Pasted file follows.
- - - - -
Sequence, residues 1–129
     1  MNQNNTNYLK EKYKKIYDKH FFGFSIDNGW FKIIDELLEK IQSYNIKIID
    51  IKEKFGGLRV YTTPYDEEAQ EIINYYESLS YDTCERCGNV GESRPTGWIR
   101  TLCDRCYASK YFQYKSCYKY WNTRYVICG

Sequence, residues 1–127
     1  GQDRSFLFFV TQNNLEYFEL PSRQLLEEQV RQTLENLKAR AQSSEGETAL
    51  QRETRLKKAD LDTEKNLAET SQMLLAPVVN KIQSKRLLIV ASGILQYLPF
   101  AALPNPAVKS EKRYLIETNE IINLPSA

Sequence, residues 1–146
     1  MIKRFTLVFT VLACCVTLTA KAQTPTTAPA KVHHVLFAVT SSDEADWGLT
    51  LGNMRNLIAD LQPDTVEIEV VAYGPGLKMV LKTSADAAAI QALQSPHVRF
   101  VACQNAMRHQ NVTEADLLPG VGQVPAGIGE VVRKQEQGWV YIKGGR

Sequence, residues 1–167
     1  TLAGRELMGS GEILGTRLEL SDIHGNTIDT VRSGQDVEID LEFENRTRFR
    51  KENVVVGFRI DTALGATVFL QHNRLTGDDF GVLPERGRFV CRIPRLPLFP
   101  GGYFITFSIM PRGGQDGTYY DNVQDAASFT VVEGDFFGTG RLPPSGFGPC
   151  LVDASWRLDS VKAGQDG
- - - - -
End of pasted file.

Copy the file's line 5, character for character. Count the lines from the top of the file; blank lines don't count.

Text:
Sequence, residues 1–127